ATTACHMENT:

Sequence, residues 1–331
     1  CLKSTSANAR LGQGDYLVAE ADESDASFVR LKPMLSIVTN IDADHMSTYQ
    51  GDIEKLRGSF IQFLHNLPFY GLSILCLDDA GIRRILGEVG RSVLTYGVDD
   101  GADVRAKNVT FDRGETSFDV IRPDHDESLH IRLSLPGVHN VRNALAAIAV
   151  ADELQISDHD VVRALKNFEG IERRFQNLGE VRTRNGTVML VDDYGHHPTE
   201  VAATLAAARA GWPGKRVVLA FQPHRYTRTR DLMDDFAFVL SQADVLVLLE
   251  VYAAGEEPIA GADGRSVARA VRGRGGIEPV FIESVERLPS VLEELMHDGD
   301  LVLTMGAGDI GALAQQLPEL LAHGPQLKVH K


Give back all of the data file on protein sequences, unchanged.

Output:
Sequence, residues 1–331
     1  CLKSTSANAR LGQGDYLVAE ADESDASFVR LKPMLSIVTN IDADHMSTYQ
    51  GDIEKLRGSF IQFLHNLPFY GLSILCLDDA GIRRILGEVG RSVLTYGVDD
   101  GADVRAKNVT FDRGETSFDV IRPDHDESLH IRLSLPGVHN VRNALAAIAV
   151  ADELQISDHD VVRALKNFEG IERRFQNLGE VRTRNGTVML VDDYGHHPTE
   201  VAATLAAARA GWPGKRVVLA FQPHRYTRTR DLMDDFAFVL SQADVLVLLE
   251  VYAAGEEPIA GADGRSVARA VRGRGGIEPV FIESVERLPS VLEELMHDGD
   301  LVLTMGAGDI GALAQQLPEL LAHGPQLKVH K